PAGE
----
The Tennessee Department of Environment and Conservation collected flood water samples on May 5, and will continue to collect samples each week as the water recedes. The results are analyzed for e.coli because it is an indicator of pathogens, which, when elevated, are most likely to cause illness from short-term exposure such as contacting flood water.
Sample results provide a snapshot in time of what may be in the flood waters. We always encourage everyone to stay out of flood waters, to keep children out of flood waters, and to wash with soap and warm tap water if contact cannot be avoided.
All of the samples from May 5 fall within the recreational water quality limit for e.coli with the exception of Cypress Creek, which has historical water quality problems. The department posted Cypress Creek last year prior to the flood, warning against body contact and fish consumption. That announcement is available on TDEC’s website at http://news.tn.gov/node/5256.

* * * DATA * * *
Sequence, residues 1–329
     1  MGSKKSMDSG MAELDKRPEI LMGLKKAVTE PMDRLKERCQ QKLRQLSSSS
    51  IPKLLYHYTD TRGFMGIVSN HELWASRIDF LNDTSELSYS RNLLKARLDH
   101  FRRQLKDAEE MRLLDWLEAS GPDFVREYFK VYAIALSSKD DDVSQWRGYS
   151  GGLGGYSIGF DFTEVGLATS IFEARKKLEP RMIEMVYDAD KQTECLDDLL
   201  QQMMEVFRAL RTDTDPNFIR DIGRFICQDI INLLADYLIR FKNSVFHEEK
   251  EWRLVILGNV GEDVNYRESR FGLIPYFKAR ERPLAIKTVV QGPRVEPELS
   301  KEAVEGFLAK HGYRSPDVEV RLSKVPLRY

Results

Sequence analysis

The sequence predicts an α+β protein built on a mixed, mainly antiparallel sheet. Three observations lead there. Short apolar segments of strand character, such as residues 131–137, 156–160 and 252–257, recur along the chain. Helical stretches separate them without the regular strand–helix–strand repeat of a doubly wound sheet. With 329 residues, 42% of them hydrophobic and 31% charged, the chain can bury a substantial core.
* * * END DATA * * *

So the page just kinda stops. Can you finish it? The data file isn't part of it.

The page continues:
It is important to note that wastewater treatment plants in West Tennessee are functioning, though many manholes and pump stations are underwater. This can cause localized releases of sewage into the flood waters in impacted areas. As flood waters inundate parking lots, agricultural fields, pastures, etc., they will pick up contaminants from those surfaces as well. While dilution is significant due to the volumes of water involved, flood water can carry a variety of contaminants, so again, we urge people not to contact the flood water.